In a statement to CNN, CHS said its hospitals only sue patients after it is determined that they have the ability to pay, and that “legal action is always the last resort.” CHS said they adopted a policy in 2021 to withdraw lawsuits against anyone making less than 200% of the federal poverty threshold, but noted that many patients did not fill out the paperwork to qualify for this aid.
SOURCE: Casey Tolan, CNN
Drug manufacturer prices Covid-19 pill developed with federal funds at 40x its production cost
Drug manufacturer Merck’s pill molnupiravir was recently approved for emergency use to treat Covid-19 in the US, after it was shown to modestly reduce the risk of hospitalization or deaths in people with mild Covid-19. What’s the catch? Merck charged the US government $712 for a five-day course of the drug, although it costs only $18 to produce and was created using millions in government funding, according to The Intercept. Emory University originally developed this drug as a possible treatment for a mosquito-borne virus, aided by nearly $30 million in government grants.
SOURCE: Sharon Lerner, The Intercept
Catholic hospital system with mission to serve the “poor and vulnerable” creates billion dollar private equity fund while cutting services at safety nets
Photo credit: National Nurses United
Ascension, the nation’s largest Catholic nonprofit health system, has created a $1 billion private equity operation that has been investing in other health care providers, and even a debt collection company, a STAT News investigation found. While other hospital systems have made money passively from investments, Ascension is unique in partnering with a global private equity firm.
Ascension says that profits from capital gains helps them care for the “poor and vulnerable,” but the system’s charity care spending has not increased along with its investment income, and Ascension initiated cuts in services at two of their safety net hospitals. One of these hospitals was closed and converted into an urgent care center, over the protests of local health care workers and community leaders.
*Note: The Lown Institute provided data to STAT News about safety net hospitals for this piece.
SOURCE: Rachel Cohrs, STAT News
Family at heart of opioid crisis offered immunity, despite harm to millions and deaths of hundreds of thousands
Members of the Sackler family in 2014 at a celebration of their gift to the Yale Cancer Center.
Photo credit: Smilow Cancer Hospital Facebook
The Sackler family which owns Purdue Pharma, the drug company whose aggressive marketing of Oxycontin fueled the opioid crisis, may come out of the legal proceedings relatively unscathed. A bankruptcy deal approved in September 2021 would have required the Sacklers to give up about $4.3 of their $11 billion fortune, but they would have received immunity from future civil lawsuits and would not have to admit any wrongdoing, NPR reported. The US Centers of Disease Control and Prevention estimated the societal cost of opioid use disorder and overdose in America at more than $1 trillion in 2017.
As of December 2021, the bankruptcy deal was rejected by another federal judge. Purdue has stated they plan to appeal this decision, and other courts will likely weigh in on the case before the details are decided.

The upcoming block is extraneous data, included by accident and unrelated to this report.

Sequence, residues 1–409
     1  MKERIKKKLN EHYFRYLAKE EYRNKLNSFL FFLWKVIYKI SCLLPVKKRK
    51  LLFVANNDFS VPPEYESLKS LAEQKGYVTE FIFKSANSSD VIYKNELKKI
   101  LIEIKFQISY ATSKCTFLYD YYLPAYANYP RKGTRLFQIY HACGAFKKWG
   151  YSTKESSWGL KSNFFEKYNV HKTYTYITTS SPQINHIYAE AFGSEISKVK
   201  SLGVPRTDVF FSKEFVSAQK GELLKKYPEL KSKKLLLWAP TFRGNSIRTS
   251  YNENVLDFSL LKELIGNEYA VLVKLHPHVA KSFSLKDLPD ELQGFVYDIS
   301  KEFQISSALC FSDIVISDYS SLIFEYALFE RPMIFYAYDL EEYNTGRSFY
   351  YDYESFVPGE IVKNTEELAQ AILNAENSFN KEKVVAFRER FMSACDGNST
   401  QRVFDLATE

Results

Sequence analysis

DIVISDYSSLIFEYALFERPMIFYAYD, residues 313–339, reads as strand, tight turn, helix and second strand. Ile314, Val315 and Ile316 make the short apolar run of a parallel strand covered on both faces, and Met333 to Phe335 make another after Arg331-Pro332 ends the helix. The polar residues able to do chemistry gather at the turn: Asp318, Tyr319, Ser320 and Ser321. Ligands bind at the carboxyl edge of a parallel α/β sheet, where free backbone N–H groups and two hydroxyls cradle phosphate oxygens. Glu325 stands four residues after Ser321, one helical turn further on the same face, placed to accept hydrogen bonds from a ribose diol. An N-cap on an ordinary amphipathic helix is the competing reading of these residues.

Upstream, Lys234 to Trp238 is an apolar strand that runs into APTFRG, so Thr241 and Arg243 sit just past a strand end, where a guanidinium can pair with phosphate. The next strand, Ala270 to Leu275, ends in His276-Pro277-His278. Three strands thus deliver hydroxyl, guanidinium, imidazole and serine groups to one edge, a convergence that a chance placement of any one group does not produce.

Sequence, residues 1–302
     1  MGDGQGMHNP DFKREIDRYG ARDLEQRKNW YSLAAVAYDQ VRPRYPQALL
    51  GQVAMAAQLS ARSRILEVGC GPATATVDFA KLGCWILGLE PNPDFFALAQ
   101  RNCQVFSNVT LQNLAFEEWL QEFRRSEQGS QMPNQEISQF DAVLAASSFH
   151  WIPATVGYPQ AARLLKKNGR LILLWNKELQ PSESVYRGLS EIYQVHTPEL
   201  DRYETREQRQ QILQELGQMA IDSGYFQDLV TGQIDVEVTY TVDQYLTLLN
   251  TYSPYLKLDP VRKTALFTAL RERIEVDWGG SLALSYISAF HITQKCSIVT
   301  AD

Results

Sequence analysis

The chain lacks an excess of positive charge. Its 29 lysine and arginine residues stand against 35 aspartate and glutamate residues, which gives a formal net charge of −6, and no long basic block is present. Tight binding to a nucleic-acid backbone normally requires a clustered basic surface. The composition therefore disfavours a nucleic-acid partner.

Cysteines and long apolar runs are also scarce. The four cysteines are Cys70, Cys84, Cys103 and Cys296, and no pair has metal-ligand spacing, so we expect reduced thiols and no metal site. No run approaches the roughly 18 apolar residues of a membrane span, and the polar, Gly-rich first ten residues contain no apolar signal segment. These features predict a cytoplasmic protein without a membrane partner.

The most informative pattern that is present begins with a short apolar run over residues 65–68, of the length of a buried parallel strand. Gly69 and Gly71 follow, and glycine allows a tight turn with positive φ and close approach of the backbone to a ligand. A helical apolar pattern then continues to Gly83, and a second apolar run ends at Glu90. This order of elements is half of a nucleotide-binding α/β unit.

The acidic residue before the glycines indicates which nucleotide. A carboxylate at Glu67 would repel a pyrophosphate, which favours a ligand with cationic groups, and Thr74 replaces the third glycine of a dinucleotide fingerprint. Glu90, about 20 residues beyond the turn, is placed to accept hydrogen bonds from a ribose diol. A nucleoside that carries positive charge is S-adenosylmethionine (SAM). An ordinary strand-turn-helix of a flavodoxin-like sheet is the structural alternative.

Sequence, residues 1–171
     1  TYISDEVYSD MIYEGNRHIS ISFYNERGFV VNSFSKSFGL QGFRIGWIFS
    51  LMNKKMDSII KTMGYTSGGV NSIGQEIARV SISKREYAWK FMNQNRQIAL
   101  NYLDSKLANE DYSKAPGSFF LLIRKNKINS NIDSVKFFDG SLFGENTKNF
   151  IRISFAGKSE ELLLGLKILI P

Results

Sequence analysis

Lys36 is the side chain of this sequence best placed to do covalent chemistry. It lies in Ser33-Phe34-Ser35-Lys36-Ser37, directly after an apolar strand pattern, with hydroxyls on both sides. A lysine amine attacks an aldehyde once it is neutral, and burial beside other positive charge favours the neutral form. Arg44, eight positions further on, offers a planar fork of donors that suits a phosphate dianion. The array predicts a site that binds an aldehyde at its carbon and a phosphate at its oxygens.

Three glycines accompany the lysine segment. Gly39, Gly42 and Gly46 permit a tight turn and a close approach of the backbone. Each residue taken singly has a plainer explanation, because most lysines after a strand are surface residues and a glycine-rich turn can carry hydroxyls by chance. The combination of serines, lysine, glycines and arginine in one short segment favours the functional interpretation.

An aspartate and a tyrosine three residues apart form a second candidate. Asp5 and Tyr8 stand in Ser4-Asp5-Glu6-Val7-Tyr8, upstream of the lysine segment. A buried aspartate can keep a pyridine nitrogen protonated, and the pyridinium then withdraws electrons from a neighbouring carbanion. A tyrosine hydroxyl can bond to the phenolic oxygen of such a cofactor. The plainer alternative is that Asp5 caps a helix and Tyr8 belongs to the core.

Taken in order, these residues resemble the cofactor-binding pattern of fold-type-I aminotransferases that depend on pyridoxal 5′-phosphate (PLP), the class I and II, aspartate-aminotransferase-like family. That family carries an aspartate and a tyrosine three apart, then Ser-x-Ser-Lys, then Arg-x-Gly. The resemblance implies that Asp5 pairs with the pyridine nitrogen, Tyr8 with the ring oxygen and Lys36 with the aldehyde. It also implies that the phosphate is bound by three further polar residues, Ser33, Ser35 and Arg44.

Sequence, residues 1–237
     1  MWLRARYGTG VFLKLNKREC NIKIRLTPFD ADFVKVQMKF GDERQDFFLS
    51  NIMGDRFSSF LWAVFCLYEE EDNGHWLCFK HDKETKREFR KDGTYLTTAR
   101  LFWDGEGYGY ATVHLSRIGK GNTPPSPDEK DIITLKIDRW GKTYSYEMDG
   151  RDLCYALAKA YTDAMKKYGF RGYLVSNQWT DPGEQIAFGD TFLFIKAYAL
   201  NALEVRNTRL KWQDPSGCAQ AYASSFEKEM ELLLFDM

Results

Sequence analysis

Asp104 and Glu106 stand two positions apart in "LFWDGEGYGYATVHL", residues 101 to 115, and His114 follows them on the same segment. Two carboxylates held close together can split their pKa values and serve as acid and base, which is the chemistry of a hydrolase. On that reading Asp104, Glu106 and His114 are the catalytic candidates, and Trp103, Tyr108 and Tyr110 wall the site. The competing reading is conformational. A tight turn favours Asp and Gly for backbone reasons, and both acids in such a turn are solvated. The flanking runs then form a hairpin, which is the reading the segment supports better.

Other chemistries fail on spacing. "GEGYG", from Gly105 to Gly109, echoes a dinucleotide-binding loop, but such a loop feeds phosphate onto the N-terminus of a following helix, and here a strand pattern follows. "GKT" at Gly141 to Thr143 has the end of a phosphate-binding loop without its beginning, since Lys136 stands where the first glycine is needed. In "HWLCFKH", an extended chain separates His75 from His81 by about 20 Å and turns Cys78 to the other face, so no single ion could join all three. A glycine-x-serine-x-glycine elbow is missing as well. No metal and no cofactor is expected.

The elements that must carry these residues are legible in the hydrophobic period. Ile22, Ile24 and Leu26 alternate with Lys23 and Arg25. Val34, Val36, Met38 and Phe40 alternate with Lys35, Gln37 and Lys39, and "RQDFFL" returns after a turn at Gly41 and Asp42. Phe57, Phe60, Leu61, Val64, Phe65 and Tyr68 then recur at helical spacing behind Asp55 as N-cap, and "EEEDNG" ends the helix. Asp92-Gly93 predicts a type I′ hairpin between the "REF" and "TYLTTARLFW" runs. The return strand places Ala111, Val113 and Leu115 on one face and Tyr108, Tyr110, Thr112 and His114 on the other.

FDA fast-tracks unproven drug, defying its own advisory committee and putting millions of seniors at risk
Though not one member of its advisory committee supported approval of Biogen’s drug for Alzheimer’s Disease, the US Food and Drug Administration (FDA) gave it the green light anyway, using a regulatory shortcut to accelerate the process. The drug, Aduhelm, has not been shown to significantly reduce memory loss or cognitive decline. The drug did reduce amyloid plaque in the brain, but this has not been shown to improve Alzheimer’s symptoms. Side effects include brain swelling or bleeding, falls, headache, and diarrhea. A STAT News investigation found that the FDA was abnormally proactive in supporting Biogen, even drafting a road map to how they could get Aduhelm approved.
The high price of the drug and large eligible population means Medicare could spend hundreds of billions each year just on Aduhelm. Already, Medicare premiums are projected to rise 15% in 2022 partly due to the cost of the drug. In response to the STAT findings, the FDA Commissioner requested an investigation of the approval by the Office of Inspector General (OIG); the OIG expects to have a report by 2023. An independent group of Alzheimer’s experts and advocates recently called for the FDA to take the drug off the market.
Judges for Shkreli Awards
Director of the Knight Science Journalism Program at MIT
Special advisor to the president of the Lown Institute and lecturer at the George Washington University School of Public Health
Senior fellow at the Lown Institute and director of the Centre for Health Policy at University of Melbourne
Allen J Frances
Professor and chairman emeritus at Duke University School of Medicine
Patricia Gabow MD
Former CEO of Denver Health and chair of the Lown Institute board of directors
Assistant professor at NYU School of Medicine and activist for global vaccine justice
Associate professor at Yale School of Public Health, Yale Law School
Creator of GoozNews and editor emeritus at Modern Healthcare
at Michigan State University and Author of What the Eyes Don’t See
Yale National Clinician Scholars Program Fellow and board member of UAEM North America
President of Physicians for a National Health Program and retired internist at Cook County Hospital
President of the Lown Institute and co-chair of the Right Care Alliance